Sir John and Lady Olliff-Cooper are not only expected to behave like rich Edwardians - they're
expected to eat like them as well. And the food of the wealthy was designed, like so much else in
the house, to impress and help the family maintain their social status.
Manderston has its own French Chef de Cuisine, Monsieur Dubiard, employed just to prepare
meals for the family and their guests.
Only very rich families could afford to employ male chefs - and the fact that M. Dubiard is
French would have been a real status symbol. It hopefully ensures that important people in the
country flock to the Olliff-Cooper's dinner parties.
Dinner parties were so important to the reputation Edwardian families, that chefs could earn
up to 10 times more than the butler. In return, they were expected to produce the finest food
in Britain. As a result, the Olliff-Coopers are served such French luxuries as truffles,
oysters, game, patisseries, fine chocolates and champagne. And as they are emulating a time when
a dinner party could easily stretch to eight courses, trying to lose weight isn't really an option.
Because the chefs would have been employed as a kind of artist, there were often complaints
that they were too demanding, had short fuses and were known to scream at their helpers.
But because they were "creative", such behaviour was almost expected.
The servants downstairs would be served much plainer food - they eat their main meal
of the day at midday, rather than in the evening like the family.
Although Monsieur Dubiard is a chef in real life, those serving the family at dinner have very
little experience. Mr Edgar the butler is really an architect, Charlie the first footman is a
sales manager, and Rob the second footman is a genetics graduate! They struggle
with demands put on them to serve the chef's creations correctly in true Edwardian style.
For example, at a big dinner party catering for 20, around 50 pieces of silver, china and
crystal could be used by each guest - that's a thousand items to be delivered at the correct
time from kitchen to table. And each precious item must be counted in and out of the silver
safe at every meal. If anything is lost the servants could be locked out of the house while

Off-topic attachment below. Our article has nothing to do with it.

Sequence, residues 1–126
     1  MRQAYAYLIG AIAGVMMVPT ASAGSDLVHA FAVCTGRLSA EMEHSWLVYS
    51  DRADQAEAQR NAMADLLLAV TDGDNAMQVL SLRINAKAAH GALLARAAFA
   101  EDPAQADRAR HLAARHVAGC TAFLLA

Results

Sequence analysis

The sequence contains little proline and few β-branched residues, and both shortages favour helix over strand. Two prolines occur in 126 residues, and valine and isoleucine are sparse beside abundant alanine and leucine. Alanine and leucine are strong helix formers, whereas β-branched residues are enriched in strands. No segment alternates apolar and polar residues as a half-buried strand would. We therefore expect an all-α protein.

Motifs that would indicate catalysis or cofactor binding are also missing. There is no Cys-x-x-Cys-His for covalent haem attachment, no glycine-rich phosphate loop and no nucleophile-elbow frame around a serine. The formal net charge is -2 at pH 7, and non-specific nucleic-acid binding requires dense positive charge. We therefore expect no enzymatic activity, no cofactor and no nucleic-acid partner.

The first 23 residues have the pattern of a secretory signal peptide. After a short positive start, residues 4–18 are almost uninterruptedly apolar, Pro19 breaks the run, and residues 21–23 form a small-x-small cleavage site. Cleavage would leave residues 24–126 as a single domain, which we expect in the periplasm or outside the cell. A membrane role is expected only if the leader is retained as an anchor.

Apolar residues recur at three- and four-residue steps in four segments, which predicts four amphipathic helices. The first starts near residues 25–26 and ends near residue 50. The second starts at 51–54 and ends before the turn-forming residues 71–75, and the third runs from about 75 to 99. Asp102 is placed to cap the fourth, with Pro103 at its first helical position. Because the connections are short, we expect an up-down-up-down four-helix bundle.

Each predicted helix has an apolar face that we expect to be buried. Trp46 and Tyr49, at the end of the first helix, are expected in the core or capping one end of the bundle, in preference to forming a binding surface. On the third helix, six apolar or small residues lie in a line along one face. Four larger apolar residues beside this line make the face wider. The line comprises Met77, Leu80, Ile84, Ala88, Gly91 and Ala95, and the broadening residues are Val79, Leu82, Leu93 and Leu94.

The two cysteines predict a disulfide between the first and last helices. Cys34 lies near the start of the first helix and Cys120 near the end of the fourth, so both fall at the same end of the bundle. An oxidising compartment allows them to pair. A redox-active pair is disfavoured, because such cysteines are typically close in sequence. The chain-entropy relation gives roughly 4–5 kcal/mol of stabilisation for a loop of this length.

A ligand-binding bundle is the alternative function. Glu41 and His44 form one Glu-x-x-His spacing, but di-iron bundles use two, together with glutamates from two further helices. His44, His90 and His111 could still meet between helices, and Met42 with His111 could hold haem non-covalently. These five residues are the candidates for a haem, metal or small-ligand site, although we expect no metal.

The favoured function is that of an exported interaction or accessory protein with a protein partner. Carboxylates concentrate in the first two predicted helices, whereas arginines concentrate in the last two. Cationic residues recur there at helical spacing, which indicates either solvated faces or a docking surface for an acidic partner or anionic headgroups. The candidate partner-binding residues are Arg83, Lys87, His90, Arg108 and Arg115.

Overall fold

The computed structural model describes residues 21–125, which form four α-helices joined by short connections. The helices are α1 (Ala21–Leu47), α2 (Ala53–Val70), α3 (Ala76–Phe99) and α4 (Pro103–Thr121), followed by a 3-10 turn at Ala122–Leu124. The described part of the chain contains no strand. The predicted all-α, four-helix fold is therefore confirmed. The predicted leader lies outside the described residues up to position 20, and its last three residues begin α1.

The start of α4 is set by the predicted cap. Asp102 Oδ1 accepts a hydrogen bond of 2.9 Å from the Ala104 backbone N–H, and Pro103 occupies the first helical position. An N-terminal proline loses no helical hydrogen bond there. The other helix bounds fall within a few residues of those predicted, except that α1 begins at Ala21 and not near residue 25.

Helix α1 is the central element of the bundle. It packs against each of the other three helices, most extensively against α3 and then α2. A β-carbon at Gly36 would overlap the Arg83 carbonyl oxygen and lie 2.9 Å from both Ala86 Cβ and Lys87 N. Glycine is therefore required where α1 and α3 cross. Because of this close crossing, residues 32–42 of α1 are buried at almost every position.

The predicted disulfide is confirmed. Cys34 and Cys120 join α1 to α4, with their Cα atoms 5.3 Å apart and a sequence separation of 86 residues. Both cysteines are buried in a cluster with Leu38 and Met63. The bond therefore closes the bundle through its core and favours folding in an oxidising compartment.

their rooms are searched.
According to a guide from the time ('Williams', The Footman And Butler, Their Duties And How To Perform Them),
footman would be expected to:
"wear thin-soled shoes that their steps may be noiseless, and
if they should use napkins in serving (as is the English custom) instead of gloves, their hands
and nails should be faultlessly clean...and [a footman] should wrap one corner of a damask napkin
around the thumb, that he may not touch the plates and dishes with the naked hand. A good servant
is never awkward. He avoids coughing, breathing hard or treading on a lady's dress; never lets
any article drop, and deposits plates, glasses, knives, forks and spoons noiselessly."
The family themselves are under a lot of pressure at the dinner table. Good manners while eating
would be essential to avoid embarrassing their guests. An example of some of the rules they should
follow are found in a book of manners (Etiquette: Rules & Usages of the Best Society, Anon, 1886):
"Greediness should not be indulged in. Indecision must be avoided. Do not take up one
piece and lay it down in favour of another, or hesitate. Never allow a servant...to fill your
glass with wine that you do not wish to drink. You can check him by touching the rim of
your glass... Bread is broken at dinner. Never use a napkin in place of a handkerchief for
wiping the forehead, face or nose. Everything that can be cut without using a knife should
be eaten with the fork alone. Never lay your hand, or play with your fingers upon the table.
Do not toy with your knife, fork or spoon, make crumbs of your bread, or draw imaginary lines
upon the tablecloth."
"It is not in good taste to urge guests to eat, nor to load their plates against their
According to Mrs Humphry in Manners for Women (1897), "dinner would end when the signal to leave the table is given in the merest nod or
smile to the lady who has been taken down by the host. She is sure to be on the look-out for
it; but if she is not, it is sufficient to rise, whereupon all the ladies get up at once." The etiquette guru continues that it is worth making "a decided effort to catch the eye
of the principal lady, as she might consider it a slight if the hostess were to make the
move without the usual co-operation. It might be put down to ignorance."
The ladies should withdraw from the dinner room to take coffee in the drawing room,
leaving in the same order in which they had entered, while the men enjoyed port, brandy
and cigars before rejoining them.
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